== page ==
But what’s also really interesting as we talk about this is this book is—well here you have a sort of photocopied version, I apologise for the colour of black and white photography but that’s a colour print ... colour photograph of the copperplate engraved version of this book. Roughly the same time that the emperor orders wood blocks he also tells a papal legate, a member of Propaganda Fide, named Matteo Ripa, he says that he wants Ripa to teach some Qing artists how to engrave a thing that Ripa knows next to nothing about. And then to produce a copperplate-engraved version of this book for reasons that we aren’t entirely clear on, but we’re really happy to speculate about. Copies are given to Qing elites, presumably but also a number of sets go back to Europe with Ripa and clearly sell, if you will, the Qing court to European audiences. Lord Barrington comes into a copy relatively quickly. There’s now a copy in the Bibliotheque Nationale de France, which for various reasons I won’t precisely go into, it’s reasonable to think may have been a gift directly from Kangxi to Louis Quinze, Louis XV. And so we start to see the propagation of a Qing message to an almost global audience.
What’s interesting is that about a decade before this is commissioned, Louis Quatorze’s very similar production comes to the Qing court in the form of a huge set of books which may be we ... I think we actually have here in the National Library of Australia called the Cabinet du Roi which is ... they’re like 10 volumes, like this big, they’re enormous, they take like two people to carry onto a table, they’re ridiculous. But they’re these massive, massive luxurious oversized engravings of various views of France, including royal palaces. Here you see part of Versailles but there’s Vaux-le-Vicomte, various other places. And you’ll notice ... and I will do something that I was told not to do but I’ll do it anyway. You’ll notice that there are actually some similarities compositionally between them. They both have this sort of slightly both elevated and frontal view. This composition for a Chinese landscape is sort of weird, especially the way in which this is constructed, very squarely and slightly prospectively, this architecture. Oh you can see if I point at the screen, that building on the left.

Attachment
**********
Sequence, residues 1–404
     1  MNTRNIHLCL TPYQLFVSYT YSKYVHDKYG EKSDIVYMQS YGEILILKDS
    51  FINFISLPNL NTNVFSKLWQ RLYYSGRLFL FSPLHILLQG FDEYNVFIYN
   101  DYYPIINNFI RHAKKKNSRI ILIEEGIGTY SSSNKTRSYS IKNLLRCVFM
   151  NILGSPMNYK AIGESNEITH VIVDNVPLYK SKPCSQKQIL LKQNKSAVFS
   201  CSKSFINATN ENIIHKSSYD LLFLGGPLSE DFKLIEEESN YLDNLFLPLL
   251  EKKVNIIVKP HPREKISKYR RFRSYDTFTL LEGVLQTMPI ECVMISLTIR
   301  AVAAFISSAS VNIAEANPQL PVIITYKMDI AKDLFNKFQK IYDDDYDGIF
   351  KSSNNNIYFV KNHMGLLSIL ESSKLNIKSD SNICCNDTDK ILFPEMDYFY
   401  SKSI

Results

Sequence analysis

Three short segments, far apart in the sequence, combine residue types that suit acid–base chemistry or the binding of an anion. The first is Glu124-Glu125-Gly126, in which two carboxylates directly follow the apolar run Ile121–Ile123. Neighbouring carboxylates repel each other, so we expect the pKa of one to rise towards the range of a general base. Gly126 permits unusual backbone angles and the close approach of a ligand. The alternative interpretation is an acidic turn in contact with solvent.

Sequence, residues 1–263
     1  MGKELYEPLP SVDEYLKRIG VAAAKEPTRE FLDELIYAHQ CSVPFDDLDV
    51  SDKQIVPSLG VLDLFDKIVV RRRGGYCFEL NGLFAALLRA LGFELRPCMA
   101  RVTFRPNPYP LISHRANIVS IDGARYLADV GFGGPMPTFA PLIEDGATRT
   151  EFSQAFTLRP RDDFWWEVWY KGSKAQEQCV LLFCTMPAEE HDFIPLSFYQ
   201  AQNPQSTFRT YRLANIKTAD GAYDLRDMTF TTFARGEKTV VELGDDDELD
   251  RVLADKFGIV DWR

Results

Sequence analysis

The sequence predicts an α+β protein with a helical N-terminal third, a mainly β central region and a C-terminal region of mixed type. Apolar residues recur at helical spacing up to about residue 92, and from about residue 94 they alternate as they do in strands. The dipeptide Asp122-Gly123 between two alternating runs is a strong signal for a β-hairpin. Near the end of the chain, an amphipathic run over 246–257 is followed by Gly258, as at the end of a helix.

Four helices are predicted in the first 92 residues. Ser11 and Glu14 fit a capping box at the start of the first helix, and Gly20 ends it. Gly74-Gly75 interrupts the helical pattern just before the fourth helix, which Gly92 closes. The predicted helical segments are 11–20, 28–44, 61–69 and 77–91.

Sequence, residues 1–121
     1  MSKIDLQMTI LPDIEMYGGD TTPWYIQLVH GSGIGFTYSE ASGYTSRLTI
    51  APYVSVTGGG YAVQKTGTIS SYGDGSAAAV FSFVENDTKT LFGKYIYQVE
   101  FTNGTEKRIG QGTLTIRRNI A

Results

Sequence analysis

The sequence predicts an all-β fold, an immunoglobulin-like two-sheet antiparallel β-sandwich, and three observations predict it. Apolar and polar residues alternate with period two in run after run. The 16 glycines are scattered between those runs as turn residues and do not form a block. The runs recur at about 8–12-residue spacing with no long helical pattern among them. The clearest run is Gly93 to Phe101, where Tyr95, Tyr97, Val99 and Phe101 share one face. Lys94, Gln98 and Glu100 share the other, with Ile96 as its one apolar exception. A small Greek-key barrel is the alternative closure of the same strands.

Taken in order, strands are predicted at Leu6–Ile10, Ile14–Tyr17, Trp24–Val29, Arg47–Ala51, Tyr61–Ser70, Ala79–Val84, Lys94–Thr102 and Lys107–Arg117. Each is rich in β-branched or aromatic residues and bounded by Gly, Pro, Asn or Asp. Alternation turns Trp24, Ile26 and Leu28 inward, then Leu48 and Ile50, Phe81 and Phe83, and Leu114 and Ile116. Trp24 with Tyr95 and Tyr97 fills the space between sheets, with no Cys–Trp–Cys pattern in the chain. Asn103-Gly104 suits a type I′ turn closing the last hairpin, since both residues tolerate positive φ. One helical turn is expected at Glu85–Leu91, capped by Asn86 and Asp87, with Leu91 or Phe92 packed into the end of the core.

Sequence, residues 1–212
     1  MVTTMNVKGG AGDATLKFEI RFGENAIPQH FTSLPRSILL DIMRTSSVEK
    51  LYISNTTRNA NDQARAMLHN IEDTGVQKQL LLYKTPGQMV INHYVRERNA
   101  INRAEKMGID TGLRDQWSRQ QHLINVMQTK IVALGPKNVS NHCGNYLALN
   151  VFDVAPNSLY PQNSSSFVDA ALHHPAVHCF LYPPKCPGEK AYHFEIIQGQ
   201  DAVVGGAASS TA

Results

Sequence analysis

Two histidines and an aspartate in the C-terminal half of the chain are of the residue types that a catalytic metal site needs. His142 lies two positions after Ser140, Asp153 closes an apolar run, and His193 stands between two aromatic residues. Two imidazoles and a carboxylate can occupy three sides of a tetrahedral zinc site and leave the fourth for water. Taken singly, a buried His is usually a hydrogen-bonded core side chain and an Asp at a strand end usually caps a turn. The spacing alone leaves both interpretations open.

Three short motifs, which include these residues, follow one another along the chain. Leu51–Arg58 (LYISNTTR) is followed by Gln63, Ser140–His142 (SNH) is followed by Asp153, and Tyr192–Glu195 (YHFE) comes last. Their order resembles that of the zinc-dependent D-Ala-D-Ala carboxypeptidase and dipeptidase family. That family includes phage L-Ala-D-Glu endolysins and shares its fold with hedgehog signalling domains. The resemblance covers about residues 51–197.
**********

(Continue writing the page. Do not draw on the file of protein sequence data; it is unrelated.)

So there are reasons, just think that at least the idea of a king depicting his garden in print and perhaps even the composition of these prints may have been at least partially inspired by this gift that he got from Louis XIV. Not only that but when they go back to Europe, Barrington, sort of in exercising very poor judgement, allows his copy to be used to create copies ... or we think it’s Barrington’s copy ... to create copies by commercial publisher, John Bowles in London who creates these sort of crazy versions of the Ripa prints in which this is not Chinese enough, not recognisably Chinese enough. So we’re going to add some crazy junks and we’re going to add this like bird that looks like something out of Sesame Street in the top and we’re going to add fish jumping through the water, all sorts of things that never appeared to sort of make it look recognisably Chinese.